While Picciolini is very concerned about the fate of our country, and the white supremacists who are suffocating it, he also sees many ways for us to stop this dangerous movement. One is having social media platforms take responsibility to keep their channels clean and clear of those who might incite violence. Picciolini recognizes the importance of free speech, but also knows social media companies are not government entities, and much like a landlord of an apartment building, it’s their responsibility to clean up the environment they control.
The most important piece of the puzzle is to prevent radicalization before it happens, beginning with children. Adults must learn to be more vulnerable with young people, so that young people may be vulnerable with adults, and forthcoming about their struggles. Ideology is not radicalizing – whatever causes kids to be angry is.
“I’m one piece in the puzzle,” Picciolini said. “I certainly cannot fix this. I can do a lot for interpersonal racism, but unless we fix systemic and institutional racism, it will always be a fertile ground for people to become extreme. The political and socio-economic situation in our country right now is the perfect breeding ground for extremism… The only thing I’ve ever seen break hate is being compassionate with people.”
Last month marked the one-year anniversary of the Unite the Right rally in Charlottesville. Between the overwhelming images of riot police and confederate flag insignias, it’s easy to get downtrodden and feel like no progress has been made.
However, after talking to a local activist, who goes by Goad Gatsby, and remembering that only 20 came in support for this year’s Washington, DC repeat of the Unite the Right rally (as opposed to the 400 that Jason Kessler pulled from his ass), it’s clear that anti-fascist activists have had success.
The small showing at Kessler’s rally suggests that something has changed since last year’s gathering. Gatsby pointed to the willingness of activists to name and shame racist activists, even telling their employers about participation in rallies like Unite the Right. When you tell your boss, Gatsby said, “You’ve given a very good case for this person to no longer be working alongside with you. They have to reevaluate their resources if they’re going to continue what they’ve done.”
After acknowledging the success of deplatforming, Gatsby pivoted quickly to what he sees as the next battleground: police reform.
“When counter-demonstrations show up, the police are always going to have their weapons out, looking at the counter-demonstrations instead of the white nationalists,” Gatsby said. “[Those who] have come out to say they are going to commit violence, who have a violent ideology who are just waiting for the opportunity. There is a huge disconnect within the police system.”
Gatsby said the important question was who the police are there to protect; who do they see as needing their support? As a recent parade of police lip sync challenges, including local forces, have spread over social media, Gatsby noted that the timing coincided with the death of Marcus-David Peters.
“It is absolutely no coincidence that the lip sync videos came out at the same time as the Marcus Peters investigation,” Gatsby said. “They are a PR department, of course, this is something they would intentionally want to do. Richmond Police [Department] has always done something to make them look like the good guy.”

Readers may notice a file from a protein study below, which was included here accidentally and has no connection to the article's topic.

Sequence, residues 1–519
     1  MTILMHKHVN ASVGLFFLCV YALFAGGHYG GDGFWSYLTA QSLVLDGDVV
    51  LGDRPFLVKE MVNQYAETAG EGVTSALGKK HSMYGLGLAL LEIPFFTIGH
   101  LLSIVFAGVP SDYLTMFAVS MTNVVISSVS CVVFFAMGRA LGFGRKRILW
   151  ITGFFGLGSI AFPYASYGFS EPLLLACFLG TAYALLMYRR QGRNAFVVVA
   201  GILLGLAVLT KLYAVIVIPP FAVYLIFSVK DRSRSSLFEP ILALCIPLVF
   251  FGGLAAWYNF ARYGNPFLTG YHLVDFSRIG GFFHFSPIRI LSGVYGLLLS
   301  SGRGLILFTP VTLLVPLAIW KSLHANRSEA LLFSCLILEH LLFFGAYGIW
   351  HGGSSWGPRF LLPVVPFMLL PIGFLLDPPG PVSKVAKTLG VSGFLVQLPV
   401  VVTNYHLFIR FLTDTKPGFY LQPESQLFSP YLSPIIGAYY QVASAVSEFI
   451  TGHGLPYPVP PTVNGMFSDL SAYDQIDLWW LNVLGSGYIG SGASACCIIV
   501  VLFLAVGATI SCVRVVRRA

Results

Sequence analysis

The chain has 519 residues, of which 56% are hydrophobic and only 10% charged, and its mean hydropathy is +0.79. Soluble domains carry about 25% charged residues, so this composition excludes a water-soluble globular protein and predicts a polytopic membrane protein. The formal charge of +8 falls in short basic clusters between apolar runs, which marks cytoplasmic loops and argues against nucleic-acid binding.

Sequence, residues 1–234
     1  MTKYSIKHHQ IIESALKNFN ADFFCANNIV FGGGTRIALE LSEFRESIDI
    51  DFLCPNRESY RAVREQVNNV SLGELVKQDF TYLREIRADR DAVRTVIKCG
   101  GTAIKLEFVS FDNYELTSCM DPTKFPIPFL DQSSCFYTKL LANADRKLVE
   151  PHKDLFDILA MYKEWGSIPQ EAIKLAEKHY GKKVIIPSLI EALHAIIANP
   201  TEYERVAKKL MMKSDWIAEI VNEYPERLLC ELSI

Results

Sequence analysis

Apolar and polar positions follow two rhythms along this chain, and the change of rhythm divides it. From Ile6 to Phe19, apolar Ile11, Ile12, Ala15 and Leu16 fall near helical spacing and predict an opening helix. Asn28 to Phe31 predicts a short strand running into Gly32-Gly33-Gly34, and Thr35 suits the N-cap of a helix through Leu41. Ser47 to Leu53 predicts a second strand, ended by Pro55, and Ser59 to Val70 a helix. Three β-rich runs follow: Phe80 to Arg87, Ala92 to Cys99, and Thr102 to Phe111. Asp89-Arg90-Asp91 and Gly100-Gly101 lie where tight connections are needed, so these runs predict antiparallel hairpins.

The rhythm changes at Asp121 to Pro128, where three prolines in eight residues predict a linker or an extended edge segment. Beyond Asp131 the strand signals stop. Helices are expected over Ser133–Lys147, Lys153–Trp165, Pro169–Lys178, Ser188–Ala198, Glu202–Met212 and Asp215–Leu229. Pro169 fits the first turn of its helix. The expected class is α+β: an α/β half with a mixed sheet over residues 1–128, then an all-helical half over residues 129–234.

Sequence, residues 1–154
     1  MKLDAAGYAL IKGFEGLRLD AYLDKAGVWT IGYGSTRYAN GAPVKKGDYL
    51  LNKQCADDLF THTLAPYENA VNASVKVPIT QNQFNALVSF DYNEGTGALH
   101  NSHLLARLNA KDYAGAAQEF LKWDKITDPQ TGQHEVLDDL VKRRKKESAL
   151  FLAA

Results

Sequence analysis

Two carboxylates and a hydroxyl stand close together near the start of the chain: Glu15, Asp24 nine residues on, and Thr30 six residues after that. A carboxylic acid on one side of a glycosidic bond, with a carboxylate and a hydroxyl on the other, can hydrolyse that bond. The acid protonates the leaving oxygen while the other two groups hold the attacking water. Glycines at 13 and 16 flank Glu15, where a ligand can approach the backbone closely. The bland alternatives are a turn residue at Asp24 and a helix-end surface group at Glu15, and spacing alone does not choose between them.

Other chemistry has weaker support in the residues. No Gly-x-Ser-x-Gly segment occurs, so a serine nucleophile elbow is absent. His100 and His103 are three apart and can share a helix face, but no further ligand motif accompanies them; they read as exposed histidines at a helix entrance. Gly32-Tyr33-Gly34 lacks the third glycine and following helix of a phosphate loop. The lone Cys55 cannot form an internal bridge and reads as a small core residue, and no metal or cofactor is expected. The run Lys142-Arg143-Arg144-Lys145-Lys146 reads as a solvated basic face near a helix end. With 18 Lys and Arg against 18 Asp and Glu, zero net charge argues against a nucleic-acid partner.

Gatsby recalled public meetings he attended where members of the community would raise issues they’d thought the police department was working to address, only to find out that nothing had happened. “That’s the problem with the Richmond Police Department,” Gatsby said, adding, “No matter how well-meaning your intentions may be, they’re always dodging what the community really wants.”
While deplatforming has removed neo-Nazis and retrograde racists from public speaking positions, such as former Trump adviser and Richmonder Steve Bannon, Gatsby maintained that there is much more to do. He said part of the problem was generational, pointing to a sharp divide between younger and older people.
“What can we do for a generation that isn’t listening?” Gatsby “There’s one side, we’ve looked at the facts, we’re willing to make a compromise. Then there is another side that says ‘Fake news, not going to listen to you.’ It’s an older generation that has decided to believe a conspiracy theorist over the lived experiences of children. That’s just where we’re at.”
From the activist side, there isn’t any one answer, but rather a series of steps in the ongoing fight for the safety and dignity of people who are targeted for oppression. While deplatforming counts as a success, the role of law enforcement remains a serious challenge to people who push back against marginalization and oppression.
RVA Tank, Parkland Shooting, Democratic-nominee Spanberger, families separated at the border, KKK effigies, Governor Northam, punching Nazis, getting punched by Nazis.
It’s been a long year.
As we approach the one year anniversary of Unite the Right, the alt-right rally held in Charlottesville on Aug. 12 last year that ended with the death of counter-protester Heather Heyer, it’s hard to ignore the tension in the air. Whether that tension has increased or decreased, or the political dissension within our country is better or worse, Americans are certainly motivated. We’ve seen protest after protest, breaking news stories flying in each day with news of Russia, North Korea, Robert Mueller, Corey Stewart, and Jason Kessler.
The white nationalist movement has not slowed down, nor has it given up. Identity Evropa came to Richmond to pick up trash in hopes of normalizing their cause. The FBI has as many open cases concerning white supremacist propaganda online as they do for ISIS. And Unite the Right is happening again, but this time, its headed to Washington, D.C.